A good digital strategy should also be appropriate to a theatre’s type and size, its available resources and where it is starting from digitally. If it is a small theatre, or digital is not yet a major part of what it does, it might identify modest, achievable steps to start with and aim to become more ambitious over time. It will not set digital objectives that are too numerous or wide-ranging. It should focus instead on a few key areas to achieve measurable results with whatever resources are available and always an ambition for excellence. It will also identify what partners the theatre will work with to deliver the strategy.

 Accompanying the strategy should be a digital plan: a document that defines in detail specific objectives, activities, targets, responsibilities and deadlines for delivery. It should make clear who tracks progress against targets and when the plan will be reviewed. A regular reviewing process is important as digital aims evolve, driven both by change in artistic and business aims and changes in the wider digital landscape. Review and evaluation should be guided by what audience and other data is telling the theatre. This will ensure that activities and targets are realistic, sustainable and can generate good returns on investment. Digital can be a great medium for low-cost experimentation. Ideas can be tried out quickly and data gathered on what is effective.

 In summary, effective digital strategies

  • are embedded in the organisation and endorsed by, and led from, the very top;
  • put users and audiences in the centre, with decision-making assisted by audience and performance data;
  • involve the people responsible for actions and for delivering strategy objectives in planning, objective setting and monitoring progress; and
  • recognise the skills development, resource requirements and partnership approaches necessary to make the strategy viable.

Working with specialist digital development agency The Space, we have developed guidelines to help theatres create a digital strategy that is suitable for them – whether they are small, experimental ensembles or large repertory theatres. These guidelines offer a structured way for an organisation to think about where they are on their digital journey and where they want to get to.

 To support our digital development ambitions, we also invest in a group of ‘sector support organisations’ that give advice to arts and cultural organisations on adopting and implementing their digital strategies. The Space, for example, provides training and one-to-one mentoring support, as well as opportunities for digital commissions. Later this year we plan to set up an Arts Council digital network,  a group of specialist staff working from our offices across England to provide advice on best practices and broker introductions between the organisations we support and the tech sector. We will also develop a ‘digital maturity index’ to help organisations benchmark where they are now digitally and then track their progress.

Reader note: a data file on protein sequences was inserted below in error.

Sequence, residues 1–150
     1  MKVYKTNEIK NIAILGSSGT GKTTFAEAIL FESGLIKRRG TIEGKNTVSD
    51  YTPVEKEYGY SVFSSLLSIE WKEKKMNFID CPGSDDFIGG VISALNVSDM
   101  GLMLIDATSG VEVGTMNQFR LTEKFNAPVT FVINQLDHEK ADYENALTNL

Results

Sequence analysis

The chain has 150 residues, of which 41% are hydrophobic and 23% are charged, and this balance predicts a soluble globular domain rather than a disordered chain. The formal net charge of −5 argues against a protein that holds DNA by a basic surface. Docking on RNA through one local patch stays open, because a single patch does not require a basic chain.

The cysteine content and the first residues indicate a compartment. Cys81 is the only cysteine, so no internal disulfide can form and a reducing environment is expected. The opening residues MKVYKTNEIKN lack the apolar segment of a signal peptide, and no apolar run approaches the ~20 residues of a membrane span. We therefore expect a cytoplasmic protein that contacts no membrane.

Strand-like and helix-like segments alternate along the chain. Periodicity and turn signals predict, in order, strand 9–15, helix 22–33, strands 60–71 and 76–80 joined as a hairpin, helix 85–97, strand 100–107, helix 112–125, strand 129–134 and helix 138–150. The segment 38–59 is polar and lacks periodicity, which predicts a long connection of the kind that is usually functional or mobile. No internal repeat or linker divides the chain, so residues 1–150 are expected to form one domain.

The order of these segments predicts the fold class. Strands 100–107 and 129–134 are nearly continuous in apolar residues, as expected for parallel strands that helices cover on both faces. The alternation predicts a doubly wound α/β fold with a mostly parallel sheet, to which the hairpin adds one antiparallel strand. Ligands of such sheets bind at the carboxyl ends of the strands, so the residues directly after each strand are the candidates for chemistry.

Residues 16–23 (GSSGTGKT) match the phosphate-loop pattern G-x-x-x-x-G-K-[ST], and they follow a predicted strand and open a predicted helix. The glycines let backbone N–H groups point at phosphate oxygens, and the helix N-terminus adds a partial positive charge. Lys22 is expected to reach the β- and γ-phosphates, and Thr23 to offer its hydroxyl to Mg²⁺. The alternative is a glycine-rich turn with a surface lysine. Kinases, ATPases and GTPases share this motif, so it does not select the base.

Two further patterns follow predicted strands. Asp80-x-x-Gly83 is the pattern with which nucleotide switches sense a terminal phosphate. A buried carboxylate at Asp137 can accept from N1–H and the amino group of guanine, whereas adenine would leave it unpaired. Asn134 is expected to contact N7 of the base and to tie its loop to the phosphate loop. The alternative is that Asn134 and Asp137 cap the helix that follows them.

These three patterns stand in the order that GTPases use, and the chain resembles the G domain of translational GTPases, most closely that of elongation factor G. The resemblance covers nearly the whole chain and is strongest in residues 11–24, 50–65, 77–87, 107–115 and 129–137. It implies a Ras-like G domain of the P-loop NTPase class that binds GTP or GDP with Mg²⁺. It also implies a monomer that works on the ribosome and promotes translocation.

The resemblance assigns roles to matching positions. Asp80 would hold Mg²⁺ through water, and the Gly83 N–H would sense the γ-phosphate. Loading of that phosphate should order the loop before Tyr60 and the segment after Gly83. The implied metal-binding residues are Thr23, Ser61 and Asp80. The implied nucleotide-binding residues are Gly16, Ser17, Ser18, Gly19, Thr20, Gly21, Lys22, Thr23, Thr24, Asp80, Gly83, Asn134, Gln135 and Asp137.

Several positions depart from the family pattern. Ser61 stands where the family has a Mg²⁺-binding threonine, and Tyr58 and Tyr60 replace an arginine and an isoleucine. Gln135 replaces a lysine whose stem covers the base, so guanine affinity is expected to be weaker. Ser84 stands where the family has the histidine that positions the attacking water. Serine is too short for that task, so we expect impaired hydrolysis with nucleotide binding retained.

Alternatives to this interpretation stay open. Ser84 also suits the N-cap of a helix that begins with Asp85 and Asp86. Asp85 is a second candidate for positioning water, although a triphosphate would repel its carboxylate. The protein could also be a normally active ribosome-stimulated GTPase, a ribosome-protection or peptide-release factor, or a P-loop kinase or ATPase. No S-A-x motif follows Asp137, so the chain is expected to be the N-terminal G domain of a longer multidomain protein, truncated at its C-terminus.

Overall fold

Last but not least, we recognise that the Arts Council itself needs to change too. We have established a new Enterprise and Innovation department to lead our work in this area, staffed by people with a background in the commercial and tech sector. We need to lead by example and take theatres with us towards a future that will be fuelled by ever-more pervasive, and as yet unanticipated developments in digital technology.


Simon Meller

Deputy Chief Executive Arts & Culture, Arts Council England

As Executive Board member of the Arts Council England he is responsible for national arts and cultural strategy. Mellor was previously General Director of the Manchester International Festival and the Chief Executive at Lyric Hammersmith. He has also been the producer founder of Gloria Theatre Company, Youth Arts Projects Coordinator for the Southbank Centre, Head of Education at Battersea Arts Centre and Co-Director of Pegasus, Theatre in Oxford. 

This article was published in the ETC Casebook Digital Theatre – A Casebook in 2018. 

Read all published articles of Digital Theatre – A Casebook here

European Theatre Lab. Image © Magdalena Sick-Leitner